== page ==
It’s not cheap, but the Model X is the most popular fully-electric three-row SUV today. With gull-wing doors and a massive glass roof, there’s no hiding the fact that the Tesla Model X is a luxury SUV.
Price: $120,990 to $150,000+
Range: 351 miles
Charging (Public fast charger): can add 200 miles in 15 minutes
This three-row SUV has a starting price nearly $30,000 below the electric competition in this segment. VinFast is building a massive factory to build EVs in North Carolina. There’s a catch: Batteries are sold separately. VinFast offers two battery subscription plans. The VF9 also has a smaller sibling, the VF8.
The Hyundai IONIQ 7 will be Hyundai’s first three-row electric SUV. It will be joined by Kia’s version, the Kia EV9 electric SUV. Both of these should bring somewhat more affordable electric full-size SUVs to the American market. The IONIQ 7 and EV9 remain concept cars for now, with production details to be released this year.
NIO is a Chinese automaker very likely on a path to North American auto sales. With a corporate headquarters already open in California and US-market job postings, it’s all but certain. The NIO ES8 is a three-row electric SUV likely to make an American debut in 2024.
Electric Crossovers That Didn’t Make the List
These EVs are great around town, but not recommended for family road trips.
With disappointing fast-charging capabilities, the bZ4X would be a real hassle on a road trip. The most capable all-wheel drive variant is rated at just 228 miles on a charge. That would be a non-issue if it wasn’t restricted to 100 kW at a DC fast charger. In the real world, the bZ4X and its sibling the Subaru Solterra would require 45 minute to hour-long charging stops every 175 miles or so on the interstate. That’s a lot of waiting around with a family!
The Solterra is the Subaru-branded sibling to the Toyota bZ4X. It’s essentially an electric Crosstrek. While standard all-wheel drive stays true to its Subaru roots, once again it’s the pitifully outdated charging capabilities that keep the Solterra off of our recommendations. Range is below average at 222 to 228 miles of range. It could be worth a look if you never hit the highway. Learn more about the Subaru Solterra.
You’re probably starting to see what makes or breaks an EVs suitability for families. Range, safety, interior room and charging speed are all important. If you travel, range and charging speed matter a lot. If you plan to stick around home, you have many more affordable electric vehicles to consider. The Bolt really only fails in one of these categories, but it fails in a big way. The 2023 Chevrolet Bolt has the same 55 kW DC fast charging limitation as the original Bolt did way back in 2017. With 259 miles of range (that’s not bad!), that means you’d be stopping to charge for 45 minutes to an hour every 180 to 200 miles on a road trip. About 90% of EV charging is done at home on average, but the Bolt requires a lot of patience on road trips. We covered the 2023 Chevy Bolt in detail here.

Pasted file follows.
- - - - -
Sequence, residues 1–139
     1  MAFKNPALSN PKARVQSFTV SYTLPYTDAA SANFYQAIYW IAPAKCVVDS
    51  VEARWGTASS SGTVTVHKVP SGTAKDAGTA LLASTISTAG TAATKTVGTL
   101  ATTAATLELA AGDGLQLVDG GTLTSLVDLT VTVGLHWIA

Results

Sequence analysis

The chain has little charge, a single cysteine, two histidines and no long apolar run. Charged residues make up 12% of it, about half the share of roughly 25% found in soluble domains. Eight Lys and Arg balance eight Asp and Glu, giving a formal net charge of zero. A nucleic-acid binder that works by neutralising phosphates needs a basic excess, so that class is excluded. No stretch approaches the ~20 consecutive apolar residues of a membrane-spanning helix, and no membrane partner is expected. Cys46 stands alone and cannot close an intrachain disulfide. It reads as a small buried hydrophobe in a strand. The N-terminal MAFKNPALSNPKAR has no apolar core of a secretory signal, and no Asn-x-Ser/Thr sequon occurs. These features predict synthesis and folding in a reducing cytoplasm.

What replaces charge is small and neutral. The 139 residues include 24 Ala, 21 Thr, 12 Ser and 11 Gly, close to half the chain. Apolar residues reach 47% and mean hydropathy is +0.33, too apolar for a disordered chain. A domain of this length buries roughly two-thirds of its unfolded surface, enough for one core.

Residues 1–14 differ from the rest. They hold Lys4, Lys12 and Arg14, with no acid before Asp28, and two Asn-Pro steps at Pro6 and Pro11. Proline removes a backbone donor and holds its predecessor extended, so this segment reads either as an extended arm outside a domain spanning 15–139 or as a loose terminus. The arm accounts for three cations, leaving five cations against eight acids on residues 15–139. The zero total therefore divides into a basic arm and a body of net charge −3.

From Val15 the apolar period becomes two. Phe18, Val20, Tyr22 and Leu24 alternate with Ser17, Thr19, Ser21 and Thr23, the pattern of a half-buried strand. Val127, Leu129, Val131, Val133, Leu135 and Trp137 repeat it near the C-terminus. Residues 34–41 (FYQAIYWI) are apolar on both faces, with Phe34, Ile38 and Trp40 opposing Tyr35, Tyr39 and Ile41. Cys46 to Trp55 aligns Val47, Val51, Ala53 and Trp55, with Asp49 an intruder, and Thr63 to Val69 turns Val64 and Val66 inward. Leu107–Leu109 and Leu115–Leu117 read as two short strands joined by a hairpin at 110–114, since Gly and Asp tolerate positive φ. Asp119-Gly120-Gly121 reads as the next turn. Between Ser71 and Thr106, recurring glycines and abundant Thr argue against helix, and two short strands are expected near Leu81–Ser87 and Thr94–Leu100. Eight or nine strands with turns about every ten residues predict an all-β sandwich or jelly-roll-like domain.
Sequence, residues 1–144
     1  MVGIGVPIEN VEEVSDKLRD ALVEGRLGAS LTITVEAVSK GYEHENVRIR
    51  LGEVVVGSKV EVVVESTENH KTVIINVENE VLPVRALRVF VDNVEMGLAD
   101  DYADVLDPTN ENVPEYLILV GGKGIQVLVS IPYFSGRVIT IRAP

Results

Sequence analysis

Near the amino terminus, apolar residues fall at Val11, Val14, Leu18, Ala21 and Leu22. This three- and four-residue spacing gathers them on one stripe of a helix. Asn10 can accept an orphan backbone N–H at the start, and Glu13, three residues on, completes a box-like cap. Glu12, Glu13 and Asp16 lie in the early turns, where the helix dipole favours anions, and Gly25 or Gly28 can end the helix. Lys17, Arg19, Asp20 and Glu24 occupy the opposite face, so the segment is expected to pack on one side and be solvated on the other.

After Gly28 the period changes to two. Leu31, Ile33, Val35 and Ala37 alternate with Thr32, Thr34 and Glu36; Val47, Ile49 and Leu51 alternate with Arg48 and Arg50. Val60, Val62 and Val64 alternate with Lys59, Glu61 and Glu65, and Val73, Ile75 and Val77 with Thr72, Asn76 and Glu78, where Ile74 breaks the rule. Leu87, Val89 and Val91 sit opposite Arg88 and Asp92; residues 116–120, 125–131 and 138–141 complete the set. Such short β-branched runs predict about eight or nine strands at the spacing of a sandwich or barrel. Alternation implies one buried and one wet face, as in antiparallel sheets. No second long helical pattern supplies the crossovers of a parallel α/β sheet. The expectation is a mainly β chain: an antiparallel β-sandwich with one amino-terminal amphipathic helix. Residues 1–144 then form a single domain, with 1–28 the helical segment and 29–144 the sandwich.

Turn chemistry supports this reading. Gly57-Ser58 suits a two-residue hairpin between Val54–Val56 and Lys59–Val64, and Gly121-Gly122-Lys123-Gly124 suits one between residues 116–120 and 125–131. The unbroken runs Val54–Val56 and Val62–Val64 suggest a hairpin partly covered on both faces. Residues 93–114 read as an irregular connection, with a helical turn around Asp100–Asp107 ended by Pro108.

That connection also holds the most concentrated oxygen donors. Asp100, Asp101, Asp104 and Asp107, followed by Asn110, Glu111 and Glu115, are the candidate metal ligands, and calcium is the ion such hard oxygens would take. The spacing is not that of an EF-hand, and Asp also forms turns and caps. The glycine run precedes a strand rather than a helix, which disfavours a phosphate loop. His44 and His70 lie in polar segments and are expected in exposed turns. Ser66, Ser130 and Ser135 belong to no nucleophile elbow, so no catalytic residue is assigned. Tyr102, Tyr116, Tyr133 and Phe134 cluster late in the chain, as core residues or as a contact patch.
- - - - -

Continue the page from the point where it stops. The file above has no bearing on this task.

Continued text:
The Leaf was the first mainstream EV to go on sale in North America. It’s been a much-appreciated affordable option since 2011, but Nissan has failed to update the Leaf as competitors entered the scene. A top-of-the-line 2023 Nissan Leaf is rated for 212 miles on a charge, but the peak charging speed is outdated. In a best case scenario, it takes 40 minutes to add 175 miles of range. Plus, the Leaf has an outdated charge port style known as CHAdeMO. You’ll have to haul an adapter around with you to charge in public.
Will Electric Vehicles Get Cheaper in 2023?
It would be a welcome surprise if electric car prices dropped in 2023. Right now, EV prices are headed in the opposite direction. It seems like every week automakers from Tesla to Ford are announcing price increases for their electric models. In 2022, the average transaction price for an electric vehicle was $66,000, more than $11,000 higher than traditional vehicles. Fuel savings add up, but higher prices can bite into fuel and maintenance savings for years. See break even times for today’s most popular EVs.
Simply put, the more you drive, the quicker you will reach a break-even point with your EV purchase. If you drive less than 10,000 miles per year, going electric just doesn’t make sense right now when it comes to cost. However, it sure is great eliminating tailpipe emissions.
A new analysis by iSeeCars finds that used electric car prices are rising much faster than their combustion counterparts. The report finds that EV prices are up 54% year-over-year. ICE vehicles were up 10.1% during that same period. There are more signs that used car prices are beginning to drop, but it’s within the realm of possibility that EV and PHEV prices will remain elevated even as the overall used car market softens. People are scrambling to buy EVs, and demand continues to exceed supply.